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    in my opinion, tafsir ibn kathir is a very good reference for hadith and akhbar related to tafsirز so also are his two other books: al-bidayah wa'n nihayah and qaSaSu'l anbiya of which, the latter doesn't have an alternative in that subject.

    but yes, it has always caused me discomfort that he was ibn taymiyah's student and his account of ibn taymiyah's trials mentioned in bidayah is very biased.

    Allah ta'ala knows best.
     
  4. Jazaak Allah Brother Wasim. I had Tafseer ibn-e-Kathir but since you have clarified it with valid Evidence (Huzoor Taajush Shariah)

    But regarding ibn Arabi it is, afaik, Hazrat Mulla Ali al-Qari who contradicted him. Can you please clarify?
     
  5. Wasim

    Wasim Guest

    Its only Wahabi
     
  6. Wasim

    Wasim Guest


    Is it permissible to read or teach the exegesis of Ibn Kathīr?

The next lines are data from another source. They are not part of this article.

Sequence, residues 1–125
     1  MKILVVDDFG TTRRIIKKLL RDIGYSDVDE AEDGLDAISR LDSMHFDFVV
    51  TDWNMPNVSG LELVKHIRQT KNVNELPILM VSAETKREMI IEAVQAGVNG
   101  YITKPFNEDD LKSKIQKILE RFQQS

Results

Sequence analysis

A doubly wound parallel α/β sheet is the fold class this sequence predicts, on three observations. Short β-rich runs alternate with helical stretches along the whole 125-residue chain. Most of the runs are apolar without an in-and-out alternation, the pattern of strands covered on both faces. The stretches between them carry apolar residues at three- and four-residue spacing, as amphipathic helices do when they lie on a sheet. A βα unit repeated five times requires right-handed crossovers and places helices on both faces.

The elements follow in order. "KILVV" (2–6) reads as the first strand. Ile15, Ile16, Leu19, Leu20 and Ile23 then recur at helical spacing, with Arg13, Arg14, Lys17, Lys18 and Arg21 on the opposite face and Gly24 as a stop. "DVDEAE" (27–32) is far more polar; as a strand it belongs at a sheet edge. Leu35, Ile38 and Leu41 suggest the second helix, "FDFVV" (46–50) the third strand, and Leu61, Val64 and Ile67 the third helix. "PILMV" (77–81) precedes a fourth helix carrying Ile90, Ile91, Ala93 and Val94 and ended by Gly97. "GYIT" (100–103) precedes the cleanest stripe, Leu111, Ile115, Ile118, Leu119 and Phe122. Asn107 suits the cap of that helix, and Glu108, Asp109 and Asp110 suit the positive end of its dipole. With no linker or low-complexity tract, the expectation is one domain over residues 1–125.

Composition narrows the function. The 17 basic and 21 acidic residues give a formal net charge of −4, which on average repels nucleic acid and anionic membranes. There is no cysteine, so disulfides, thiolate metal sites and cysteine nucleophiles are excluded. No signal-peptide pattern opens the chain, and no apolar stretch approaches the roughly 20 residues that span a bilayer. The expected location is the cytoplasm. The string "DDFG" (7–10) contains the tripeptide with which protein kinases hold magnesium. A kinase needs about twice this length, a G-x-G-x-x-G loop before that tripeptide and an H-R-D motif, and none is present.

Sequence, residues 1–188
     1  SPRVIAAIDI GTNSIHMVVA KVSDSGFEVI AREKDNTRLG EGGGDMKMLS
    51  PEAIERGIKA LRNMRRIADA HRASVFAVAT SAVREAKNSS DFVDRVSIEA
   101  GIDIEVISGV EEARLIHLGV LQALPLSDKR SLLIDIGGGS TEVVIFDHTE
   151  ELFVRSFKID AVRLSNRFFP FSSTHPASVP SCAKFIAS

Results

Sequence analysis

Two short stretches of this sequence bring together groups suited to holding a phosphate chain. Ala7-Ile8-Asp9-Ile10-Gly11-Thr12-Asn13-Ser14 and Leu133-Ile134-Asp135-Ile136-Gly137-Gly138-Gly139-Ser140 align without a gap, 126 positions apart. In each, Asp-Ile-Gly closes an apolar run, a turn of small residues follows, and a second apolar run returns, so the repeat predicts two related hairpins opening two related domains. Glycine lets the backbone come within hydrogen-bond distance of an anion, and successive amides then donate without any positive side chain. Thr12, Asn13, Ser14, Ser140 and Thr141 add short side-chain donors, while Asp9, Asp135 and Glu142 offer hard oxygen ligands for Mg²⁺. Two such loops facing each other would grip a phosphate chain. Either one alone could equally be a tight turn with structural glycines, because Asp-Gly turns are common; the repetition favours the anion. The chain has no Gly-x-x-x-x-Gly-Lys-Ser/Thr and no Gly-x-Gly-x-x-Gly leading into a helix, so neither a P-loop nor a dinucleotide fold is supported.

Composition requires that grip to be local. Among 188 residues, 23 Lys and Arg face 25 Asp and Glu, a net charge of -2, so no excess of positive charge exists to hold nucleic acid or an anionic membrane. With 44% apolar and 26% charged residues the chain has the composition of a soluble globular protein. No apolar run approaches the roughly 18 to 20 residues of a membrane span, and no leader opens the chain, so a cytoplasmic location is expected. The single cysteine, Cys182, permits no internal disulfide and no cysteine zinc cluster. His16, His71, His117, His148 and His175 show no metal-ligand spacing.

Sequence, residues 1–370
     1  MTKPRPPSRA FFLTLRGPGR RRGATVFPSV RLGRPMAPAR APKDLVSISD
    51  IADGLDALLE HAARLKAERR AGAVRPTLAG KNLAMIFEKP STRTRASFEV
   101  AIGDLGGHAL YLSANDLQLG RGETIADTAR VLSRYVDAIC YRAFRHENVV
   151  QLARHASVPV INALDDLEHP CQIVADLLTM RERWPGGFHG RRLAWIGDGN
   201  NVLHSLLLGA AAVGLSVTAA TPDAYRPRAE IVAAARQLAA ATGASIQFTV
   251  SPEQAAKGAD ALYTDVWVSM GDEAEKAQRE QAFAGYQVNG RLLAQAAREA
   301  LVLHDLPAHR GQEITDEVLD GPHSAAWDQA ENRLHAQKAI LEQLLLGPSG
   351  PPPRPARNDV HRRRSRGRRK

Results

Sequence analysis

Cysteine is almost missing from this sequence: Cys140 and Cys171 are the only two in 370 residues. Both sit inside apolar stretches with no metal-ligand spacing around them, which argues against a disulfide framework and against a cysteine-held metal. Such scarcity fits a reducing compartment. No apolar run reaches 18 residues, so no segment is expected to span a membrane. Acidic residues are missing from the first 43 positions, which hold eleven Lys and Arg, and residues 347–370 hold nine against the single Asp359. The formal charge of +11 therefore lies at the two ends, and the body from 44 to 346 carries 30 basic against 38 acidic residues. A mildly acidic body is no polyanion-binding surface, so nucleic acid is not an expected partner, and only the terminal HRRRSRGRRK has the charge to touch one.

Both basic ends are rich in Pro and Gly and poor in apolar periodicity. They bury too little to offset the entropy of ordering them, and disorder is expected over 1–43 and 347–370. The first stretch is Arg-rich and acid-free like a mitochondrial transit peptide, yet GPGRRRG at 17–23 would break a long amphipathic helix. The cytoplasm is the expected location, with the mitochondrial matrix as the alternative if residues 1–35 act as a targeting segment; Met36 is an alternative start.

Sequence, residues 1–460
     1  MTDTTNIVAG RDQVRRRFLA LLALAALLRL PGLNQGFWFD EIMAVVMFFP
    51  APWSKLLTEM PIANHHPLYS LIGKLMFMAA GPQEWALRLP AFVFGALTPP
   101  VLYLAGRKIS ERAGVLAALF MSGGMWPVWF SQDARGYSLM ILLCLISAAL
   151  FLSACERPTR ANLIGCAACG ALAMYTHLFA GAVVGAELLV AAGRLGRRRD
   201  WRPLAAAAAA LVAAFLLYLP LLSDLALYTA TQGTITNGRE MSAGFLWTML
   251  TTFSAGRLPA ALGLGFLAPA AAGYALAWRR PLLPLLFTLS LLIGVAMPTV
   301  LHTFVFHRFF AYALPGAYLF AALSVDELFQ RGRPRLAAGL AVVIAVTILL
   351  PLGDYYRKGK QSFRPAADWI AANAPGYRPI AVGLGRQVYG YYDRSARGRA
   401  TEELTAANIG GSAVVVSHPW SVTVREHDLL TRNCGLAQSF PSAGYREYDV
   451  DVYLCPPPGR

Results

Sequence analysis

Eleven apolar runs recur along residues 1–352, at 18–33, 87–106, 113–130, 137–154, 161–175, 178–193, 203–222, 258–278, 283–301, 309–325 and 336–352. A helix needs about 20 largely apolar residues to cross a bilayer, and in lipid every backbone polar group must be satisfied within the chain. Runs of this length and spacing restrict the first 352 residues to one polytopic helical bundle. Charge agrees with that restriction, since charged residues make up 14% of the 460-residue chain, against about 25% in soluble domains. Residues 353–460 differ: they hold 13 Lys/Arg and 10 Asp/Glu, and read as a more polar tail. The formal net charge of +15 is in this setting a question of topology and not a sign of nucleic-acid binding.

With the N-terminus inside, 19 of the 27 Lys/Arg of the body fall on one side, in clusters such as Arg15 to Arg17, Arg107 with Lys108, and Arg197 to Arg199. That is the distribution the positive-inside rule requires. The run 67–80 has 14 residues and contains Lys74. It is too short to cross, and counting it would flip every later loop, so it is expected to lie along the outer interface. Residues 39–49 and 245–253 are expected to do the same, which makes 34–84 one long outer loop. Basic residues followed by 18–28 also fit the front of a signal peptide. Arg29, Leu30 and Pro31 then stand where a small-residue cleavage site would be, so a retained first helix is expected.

It is impermissible to read or indeed teach the exegesis of the Qur’ân by Ibn Kathīr. The general public must abstain/refrain from reading or even viewing works that are attributed or authored by the Waĥābīs/Deobandīs, or any other false sect.

    Ibn Kathīr was a student of Ibn Taymiyyah and like his teacher, he too objected to a number views upheld by the Aĥl as-Sunnah wa al-Jama’ah. It was from the ideology of his teacher Ibn Taymiyyah, that the Waĥābī sect was born. Furthermore, Ibn Kathīr, much like his teacher, also agreed to ideas such as the belief of tajsīm, amongst others. For these reasons it is not permissible for anyone to study/read the exegesis of Ibn Kathīr, nor for that matter, any other Waĥābī/Deobandī literature.